brains of their victims. Mad-cow disease is another form of the
illness, as is Creutzfeldt-Jakob disease in humans, and scrapie,
which has been endemic at low levels in American sheep since the
Research is stepping up. Colorado is
expanding its monitoring program for the next hunting season, while
South Dakota plans to initiate a surveillance program for wild deer
and elk herds. Last October, the U.S. Animal and Plant Health
Inspection Service initiated a modest seven-state program to
determine if the disease is present outside of Colorado, Wyoming
and South Dakota.
Currently, little is known
about how chronic wasting disease is spread among deer and elk, let
alone whether other species can be infected. Experiments are under
way at the Animal Research Service's laboratories in Ames, Iowa, to
test cattle susceptibility to the disease. Results are at least 18
months away, says Randall Cutlip with the Animal Research
There are inevitable concerns about
whether the infection can pass from game to hunters, especially
since mad-cow disease made the jump from beef to
Public health officials don't believe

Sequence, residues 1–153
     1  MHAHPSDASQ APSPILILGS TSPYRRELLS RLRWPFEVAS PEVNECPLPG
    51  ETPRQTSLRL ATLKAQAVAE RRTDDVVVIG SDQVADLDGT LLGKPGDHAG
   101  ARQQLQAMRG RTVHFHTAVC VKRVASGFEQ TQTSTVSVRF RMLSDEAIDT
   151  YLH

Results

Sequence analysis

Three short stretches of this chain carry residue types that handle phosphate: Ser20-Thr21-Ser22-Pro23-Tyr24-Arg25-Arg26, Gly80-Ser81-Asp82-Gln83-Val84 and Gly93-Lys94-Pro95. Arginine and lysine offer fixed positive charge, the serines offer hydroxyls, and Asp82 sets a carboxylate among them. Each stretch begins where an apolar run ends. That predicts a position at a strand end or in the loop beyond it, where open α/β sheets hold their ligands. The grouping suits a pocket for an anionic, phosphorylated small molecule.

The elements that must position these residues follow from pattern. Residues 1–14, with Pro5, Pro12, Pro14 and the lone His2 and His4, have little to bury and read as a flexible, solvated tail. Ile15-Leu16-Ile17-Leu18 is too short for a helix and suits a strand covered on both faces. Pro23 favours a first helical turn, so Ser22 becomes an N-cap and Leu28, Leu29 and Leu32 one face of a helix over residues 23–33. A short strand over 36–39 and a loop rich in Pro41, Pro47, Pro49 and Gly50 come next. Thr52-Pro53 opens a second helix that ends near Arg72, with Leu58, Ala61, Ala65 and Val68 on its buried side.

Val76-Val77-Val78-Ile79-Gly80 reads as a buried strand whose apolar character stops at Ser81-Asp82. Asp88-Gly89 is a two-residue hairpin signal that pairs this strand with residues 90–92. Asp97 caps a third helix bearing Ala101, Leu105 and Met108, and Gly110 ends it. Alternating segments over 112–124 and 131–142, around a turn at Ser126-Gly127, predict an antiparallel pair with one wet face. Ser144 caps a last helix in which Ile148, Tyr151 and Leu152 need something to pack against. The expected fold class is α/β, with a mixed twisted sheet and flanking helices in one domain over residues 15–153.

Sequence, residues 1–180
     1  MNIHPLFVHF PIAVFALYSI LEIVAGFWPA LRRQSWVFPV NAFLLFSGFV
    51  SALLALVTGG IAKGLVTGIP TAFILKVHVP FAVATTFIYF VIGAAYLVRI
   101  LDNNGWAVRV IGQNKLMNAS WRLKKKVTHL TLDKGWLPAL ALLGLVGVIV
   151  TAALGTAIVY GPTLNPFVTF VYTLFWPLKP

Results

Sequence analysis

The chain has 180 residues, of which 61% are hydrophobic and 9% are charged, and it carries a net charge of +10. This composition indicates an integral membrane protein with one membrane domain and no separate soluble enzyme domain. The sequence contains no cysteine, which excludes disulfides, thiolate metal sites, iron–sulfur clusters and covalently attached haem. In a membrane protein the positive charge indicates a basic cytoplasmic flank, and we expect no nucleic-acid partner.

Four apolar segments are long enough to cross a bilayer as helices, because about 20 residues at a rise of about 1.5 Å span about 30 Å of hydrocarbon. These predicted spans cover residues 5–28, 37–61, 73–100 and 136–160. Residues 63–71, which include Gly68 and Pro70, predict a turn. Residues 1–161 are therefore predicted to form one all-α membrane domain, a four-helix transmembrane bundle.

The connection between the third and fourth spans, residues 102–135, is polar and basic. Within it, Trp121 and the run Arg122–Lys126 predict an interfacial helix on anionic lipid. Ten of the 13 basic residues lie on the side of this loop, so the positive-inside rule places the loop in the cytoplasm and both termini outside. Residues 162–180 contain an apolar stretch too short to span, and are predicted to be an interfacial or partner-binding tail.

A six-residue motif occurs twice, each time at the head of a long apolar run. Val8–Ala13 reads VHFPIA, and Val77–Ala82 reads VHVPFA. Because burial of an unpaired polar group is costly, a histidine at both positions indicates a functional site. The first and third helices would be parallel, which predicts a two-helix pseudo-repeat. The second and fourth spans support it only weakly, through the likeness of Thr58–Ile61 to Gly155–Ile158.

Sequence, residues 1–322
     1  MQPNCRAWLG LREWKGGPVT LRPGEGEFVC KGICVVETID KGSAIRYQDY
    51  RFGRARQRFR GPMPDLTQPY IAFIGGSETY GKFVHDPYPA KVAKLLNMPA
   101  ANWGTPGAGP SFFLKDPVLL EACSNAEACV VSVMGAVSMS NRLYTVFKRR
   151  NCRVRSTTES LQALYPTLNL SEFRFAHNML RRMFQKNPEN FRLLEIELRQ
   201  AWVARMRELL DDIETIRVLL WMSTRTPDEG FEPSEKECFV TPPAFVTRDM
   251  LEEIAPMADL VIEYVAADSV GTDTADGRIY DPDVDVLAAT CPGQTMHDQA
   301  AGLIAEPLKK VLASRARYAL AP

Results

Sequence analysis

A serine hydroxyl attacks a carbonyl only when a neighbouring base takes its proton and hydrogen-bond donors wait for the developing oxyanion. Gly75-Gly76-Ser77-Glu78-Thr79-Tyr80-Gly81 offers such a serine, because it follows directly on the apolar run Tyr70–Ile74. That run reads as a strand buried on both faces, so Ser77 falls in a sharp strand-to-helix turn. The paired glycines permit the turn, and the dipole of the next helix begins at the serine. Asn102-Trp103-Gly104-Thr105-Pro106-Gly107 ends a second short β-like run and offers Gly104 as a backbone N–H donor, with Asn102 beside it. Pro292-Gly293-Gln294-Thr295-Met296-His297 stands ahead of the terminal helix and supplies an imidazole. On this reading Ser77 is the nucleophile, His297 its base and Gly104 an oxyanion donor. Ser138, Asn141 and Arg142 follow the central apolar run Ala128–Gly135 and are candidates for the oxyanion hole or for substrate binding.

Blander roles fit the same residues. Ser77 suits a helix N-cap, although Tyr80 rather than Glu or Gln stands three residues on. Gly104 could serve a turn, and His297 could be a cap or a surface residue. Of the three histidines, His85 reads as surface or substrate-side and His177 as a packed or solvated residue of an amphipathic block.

that humans can contract the disease by eating infected animals,
though they acknowledge the possibility
"Is chronic wasting disease transmissible
(to humans under normal conditions)? The answer is nobody knows,"
says John Pape, an epidemiologist with the Colorado Department of
Health, "The evidence suggests it is not."
Colorado officials are asking hunters handling
deer and elk from affected areas to use precautions, including
wearing gloves when dressing out animals, avoiding the most
infectious tissues, the brain, lymph and spinal tissue, and boning
out the carcass.
Wyoming has yet to issue health
recommendations for deer and elk hunters, but "the risk is so
small, I wouldn't worry about it at all," says Tom Thorne of
Wyoming Game and Fish, who adds that he regularly hunts and eats
deer from southeastern Wyoming.
What does worry
Thorne is a possible spread of the disease to uninfected deer and